Buy a water ionizer. Water ionizers attach to your faucet and are very user friendly. The water becomes electrically enhanced (ionized) because the ionizer runs it over positive and negative electrodes. Doing this separates the water into alkalized water and acidic water. The alkalized water makes up about 70% of the produced water and can be used for drinking. Don't just discard the acidic water. Acidic water can kill many types of bacteria. You can use it for washing your body, killing some of the bacteria living on your skin. Purchase an ionizing water filter. These filters are easily transportable and cheaper than buying an electric ionizer. They work in a similar fashion to a normal filter. Pour water into the filter and let it sit for three to five minutes. While you are waiting, the water is being sent through a series of filters. Once it passes through the filters, it sits in a pool of alkalizing minerals. These filters can often be found with the kitchen appliances in home stores.
Add pH drops. pH drops contain potent alkaline minerals and are highly concentrated. You can purchase pH drops at health food stores or online. Follow the directions on your specific pH bottle to determine how many drops you should put into your water. Keep in mind that while pH drops increase the alkalinity of your water, they do not filter out any of the things like chlorine or fluoride that can be found in your tap water. Cut up one lemon into eighths. Add the lemons to the water but do not squeeze them--simply place them in the water. You can add one tablespoon of pink Himalayan sea salt to your lemon water if desired. Adding the salt mineralizes your alkaline water. Use baking soda. Add 1/8 tbsp baking soda to an 8 oz. glass of water. Baking soda has a high alkaline content. When the baking soda mixes with the water, it increases the alkaline properties of the water. Shake (if you are using a water bottle) or stir (if using a glass) the mixture vigorously to make sure the baking soda mixes in thoroughly with the water. If you are on a low sodium diet, do not add baking soda to your water. Baking soda is high in sodium.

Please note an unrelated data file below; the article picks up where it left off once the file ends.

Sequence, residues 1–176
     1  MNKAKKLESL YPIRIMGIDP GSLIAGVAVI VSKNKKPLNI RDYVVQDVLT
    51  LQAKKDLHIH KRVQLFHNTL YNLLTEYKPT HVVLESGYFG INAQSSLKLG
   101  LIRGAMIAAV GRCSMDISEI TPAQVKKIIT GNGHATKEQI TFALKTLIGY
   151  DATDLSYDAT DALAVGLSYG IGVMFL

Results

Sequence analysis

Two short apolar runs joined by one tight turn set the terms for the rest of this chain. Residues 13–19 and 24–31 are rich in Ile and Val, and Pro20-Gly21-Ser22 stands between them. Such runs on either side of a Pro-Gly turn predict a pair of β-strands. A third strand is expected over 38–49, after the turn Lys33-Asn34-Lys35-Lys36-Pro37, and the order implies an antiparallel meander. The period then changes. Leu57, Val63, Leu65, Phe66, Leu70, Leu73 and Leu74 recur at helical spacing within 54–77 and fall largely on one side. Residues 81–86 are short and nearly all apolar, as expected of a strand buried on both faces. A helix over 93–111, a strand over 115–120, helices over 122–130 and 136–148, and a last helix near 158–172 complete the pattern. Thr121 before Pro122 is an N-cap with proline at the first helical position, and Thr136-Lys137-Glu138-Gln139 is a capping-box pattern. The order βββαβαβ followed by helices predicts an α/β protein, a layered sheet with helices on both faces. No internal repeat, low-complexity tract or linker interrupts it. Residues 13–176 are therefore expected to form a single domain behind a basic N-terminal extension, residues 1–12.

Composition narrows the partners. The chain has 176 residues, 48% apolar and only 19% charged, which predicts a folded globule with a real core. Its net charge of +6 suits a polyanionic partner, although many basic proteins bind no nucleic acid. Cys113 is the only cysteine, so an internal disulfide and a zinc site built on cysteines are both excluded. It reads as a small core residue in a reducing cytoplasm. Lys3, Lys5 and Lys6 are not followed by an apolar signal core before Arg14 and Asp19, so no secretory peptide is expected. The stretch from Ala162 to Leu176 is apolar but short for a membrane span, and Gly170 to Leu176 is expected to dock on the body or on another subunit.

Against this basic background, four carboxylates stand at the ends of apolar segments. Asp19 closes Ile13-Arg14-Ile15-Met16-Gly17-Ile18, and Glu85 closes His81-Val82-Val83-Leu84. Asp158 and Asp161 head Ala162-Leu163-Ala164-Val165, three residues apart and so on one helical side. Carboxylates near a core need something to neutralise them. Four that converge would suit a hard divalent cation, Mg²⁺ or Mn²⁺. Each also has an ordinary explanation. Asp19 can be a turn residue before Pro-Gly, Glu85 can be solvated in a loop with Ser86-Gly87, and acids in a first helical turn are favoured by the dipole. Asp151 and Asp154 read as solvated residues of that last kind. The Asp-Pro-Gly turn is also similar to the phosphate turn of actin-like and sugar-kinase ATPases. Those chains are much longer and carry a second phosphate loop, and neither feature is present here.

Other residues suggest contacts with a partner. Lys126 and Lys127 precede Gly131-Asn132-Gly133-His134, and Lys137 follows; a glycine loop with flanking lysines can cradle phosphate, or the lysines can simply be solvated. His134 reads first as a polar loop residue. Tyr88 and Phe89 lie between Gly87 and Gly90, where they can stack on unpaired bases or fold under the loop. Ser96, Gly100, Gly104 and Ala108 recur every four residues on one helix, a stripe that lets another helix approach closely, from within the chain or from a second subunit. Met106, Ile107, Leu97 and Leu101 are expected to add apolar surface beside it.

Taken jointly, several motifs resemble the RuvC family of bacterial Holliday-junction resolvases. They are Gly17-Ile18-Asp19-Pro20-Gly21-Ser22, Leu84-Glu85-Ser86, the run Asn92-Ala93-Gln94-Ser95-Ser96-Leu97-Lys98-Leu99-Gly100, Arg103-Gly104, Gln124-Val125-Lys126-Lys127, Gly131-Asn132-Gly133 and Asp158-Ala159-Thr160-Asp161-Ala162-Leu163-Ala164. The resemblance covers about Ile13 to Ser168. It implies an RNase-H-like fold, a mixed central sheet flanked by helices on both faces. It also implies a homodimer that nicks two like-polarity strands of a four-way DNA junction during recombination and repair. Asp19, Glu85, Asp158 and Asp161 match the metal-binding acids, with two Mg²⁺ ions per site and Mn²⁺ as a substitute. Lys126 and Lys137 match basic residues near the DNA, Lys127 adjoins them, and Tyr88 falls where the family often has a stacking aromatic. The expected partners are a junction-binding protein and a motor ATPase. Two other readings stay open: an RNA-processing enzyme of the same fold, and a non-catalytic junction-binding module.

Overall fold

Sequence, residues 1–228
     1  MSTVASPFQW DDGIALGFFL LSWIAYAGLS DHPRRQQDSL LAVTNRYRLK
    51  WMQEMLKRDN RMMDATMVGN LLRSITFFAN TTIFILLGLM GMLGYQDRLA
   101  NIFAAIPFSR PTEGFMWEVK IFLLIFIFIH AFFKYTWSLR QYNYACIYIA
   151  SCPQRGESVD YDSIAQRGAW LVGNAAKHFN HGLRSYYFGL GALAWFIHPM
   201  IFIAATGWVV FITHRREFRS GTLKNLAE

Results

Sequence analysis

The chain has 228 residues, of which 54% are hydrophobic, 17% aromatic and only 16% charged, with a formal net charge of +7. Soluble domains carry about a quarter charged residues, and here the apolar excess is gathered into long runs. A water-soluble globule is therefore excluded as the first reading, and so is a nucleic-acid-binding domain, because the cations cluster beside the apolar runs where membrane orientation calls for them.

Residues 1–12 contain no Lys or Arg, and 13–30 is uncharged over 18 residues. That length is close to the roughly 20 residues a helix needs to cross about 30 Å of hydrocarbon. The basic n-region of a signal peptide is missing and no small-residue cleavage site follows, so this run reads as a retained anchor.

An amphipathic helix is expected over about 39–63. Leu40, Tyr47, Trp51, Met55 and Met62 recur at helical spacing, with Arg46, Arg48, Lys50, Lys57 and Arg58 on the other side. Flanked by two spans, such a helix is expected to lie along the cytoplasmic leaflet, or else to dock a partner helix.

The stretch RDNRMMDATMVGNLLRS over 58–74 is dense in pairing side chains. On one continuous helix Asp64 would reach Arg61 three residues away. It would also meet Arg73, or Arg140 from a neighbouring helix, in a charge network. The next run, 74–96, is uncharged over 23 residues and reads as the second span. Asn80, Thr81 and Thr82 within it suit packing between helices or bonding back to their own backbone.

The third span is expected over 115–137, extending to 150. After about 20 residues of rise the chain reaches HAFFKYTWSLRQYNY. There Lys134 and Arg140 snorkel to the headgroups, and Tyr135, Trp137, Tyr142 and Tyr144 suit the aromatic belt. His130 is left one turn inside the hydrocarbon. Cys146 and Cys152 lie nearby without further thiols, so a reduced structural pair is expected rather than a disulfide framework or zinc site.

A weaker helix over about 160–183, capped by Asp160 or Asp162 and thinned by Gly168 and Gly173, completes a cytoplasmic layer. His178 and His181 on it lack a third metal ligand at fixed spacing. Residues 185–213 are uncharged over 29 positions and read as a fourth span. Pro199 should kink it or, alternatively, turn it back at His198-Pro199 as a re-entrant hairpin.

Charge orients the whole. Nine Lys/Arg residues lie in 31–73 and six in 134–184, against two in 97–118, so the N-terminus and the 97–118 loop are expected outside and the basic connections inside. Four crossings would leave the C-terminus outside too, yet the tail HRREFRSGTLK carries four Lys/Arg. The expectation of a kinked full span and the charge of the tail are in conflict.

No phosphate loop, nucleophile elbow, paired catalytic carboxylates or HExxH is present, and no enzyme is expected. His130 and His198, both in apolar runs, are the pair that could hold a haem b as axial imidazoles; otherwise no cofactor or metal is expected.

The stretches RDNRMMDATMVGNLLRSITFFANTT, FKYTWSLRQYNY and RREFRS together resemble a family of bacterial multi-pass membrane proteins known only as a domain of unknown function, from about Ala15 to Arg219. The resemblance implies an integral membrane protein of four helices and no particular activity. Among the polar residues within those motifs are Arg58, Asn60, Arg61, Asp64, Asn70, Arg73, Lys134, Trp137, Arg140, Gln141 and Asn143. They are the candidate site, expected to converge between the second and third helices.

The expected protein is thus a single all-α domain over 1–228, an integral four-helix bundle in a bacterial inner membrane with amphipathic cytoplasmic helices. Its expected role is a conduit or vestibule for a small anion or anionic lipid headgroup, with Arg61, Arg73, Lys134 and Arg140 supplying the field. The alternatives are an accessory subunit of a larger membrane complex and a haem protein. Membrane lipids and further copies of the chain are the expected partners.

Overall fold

121 Americans spent $21 billion on bottled waters in 2012, and more and more consumers are investing in a home water filter. A filter can range from an inexpensive carafe or pitcher to a system designed for the whole house, but the latest machine to make waves is the water ionizer, which passes an electrical current through tap water in order to turn it alkaline (i.e., base) through the chemical reaction called electrolysis. Proponents claim alkaline water helps the body neutralize acid in the blood, provides more energy, slows the aging process, and is, according to the online purveyor Alkaline Water Plus, "packed with natural antioxidants [negatively-charged electrons], which are free to naturally fight free radicals .... Drinking
antioxidant water all day long will help you prevent and even reverse free radical damage." "Change your water, change your life," is the trademarked slogan of Kangen Water, marketed by the U.S. branch of the Japanese company Enagic. "Keeping ourselves Alkaline is the first line of defense in fighting any disease," Cal Water Systems states on another website. "Ionized Water essentially renews us at a cellular level. This is as close as we can ever hope to get to a Fountain of Youth, as incredible as that may sound." That does sound incredible. And expensive! Don't know about you, but it made me really curious about how water ionizers work. But first, a little background on the pH scale, which is used to define degrees of alkalinity and acidity. In 1909, S.P.L. Sørensen, director of chemistry at Carlsberg Laboratory, in Copenhagen (founded in 1875 by beer magnate J.C. Jacobsen), invented the pH scale while researching proteins, amino acids, and enzymes—the basis of protein chemistry today.